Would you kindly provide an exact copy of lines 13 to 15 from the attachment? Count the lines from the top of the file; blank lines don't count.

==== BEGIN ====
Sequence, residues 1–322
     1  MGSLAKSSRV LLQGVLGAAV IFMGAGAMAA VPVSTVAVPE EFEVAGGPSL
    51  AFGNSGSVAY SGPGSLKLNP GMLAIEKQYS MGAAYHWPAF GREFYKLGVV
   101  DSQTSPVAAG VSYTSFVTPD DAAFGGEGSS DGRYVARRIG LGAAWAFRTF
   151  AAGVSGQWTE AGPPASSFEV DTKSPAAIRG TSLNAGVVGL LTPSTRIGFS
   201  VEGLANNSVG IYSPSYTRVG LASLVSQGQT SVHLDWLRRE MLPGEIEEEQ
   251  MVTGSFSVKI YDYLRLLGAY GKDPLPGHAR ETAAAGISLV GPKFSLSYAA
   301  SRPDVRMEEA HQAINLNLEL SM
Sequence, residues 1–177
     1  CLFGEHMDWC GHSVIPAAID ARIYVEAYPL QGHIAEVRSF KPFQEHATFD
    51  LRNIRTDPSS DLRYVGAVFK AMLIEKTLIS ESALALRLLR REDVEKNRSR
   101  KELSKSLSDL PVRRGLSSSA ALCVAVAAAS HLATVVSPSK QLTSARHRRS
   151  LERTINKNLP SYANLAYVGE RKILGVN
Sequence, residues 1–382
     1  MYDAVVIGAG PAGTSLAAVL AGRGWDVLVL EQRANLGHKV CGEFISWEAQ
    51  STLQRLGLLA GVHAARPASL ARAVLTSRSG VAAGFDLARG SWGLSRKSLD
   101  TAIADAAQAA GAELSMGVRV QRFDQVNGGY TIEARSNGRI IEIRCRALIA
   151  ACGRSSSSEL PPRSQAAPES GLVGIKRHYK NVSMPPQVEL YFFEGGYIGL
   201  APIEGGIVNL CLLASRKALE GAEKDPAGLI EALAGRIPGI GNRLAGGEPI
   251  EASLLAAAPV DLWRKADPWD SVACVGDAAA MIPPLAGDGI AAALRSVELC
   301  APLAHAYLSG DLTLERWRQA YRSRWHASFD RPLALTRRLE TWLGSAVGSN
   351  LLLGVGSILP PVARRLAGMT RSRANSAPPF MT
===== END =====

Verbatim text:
   151  LERTINKNLP SYANLAYVGE RKILGVN
Sequence, residues 1–382
     1  MYDAVVIGAG PAGTSLAAVL AGRGWDVLVL EQRANLGHKV CGEFISWEAQ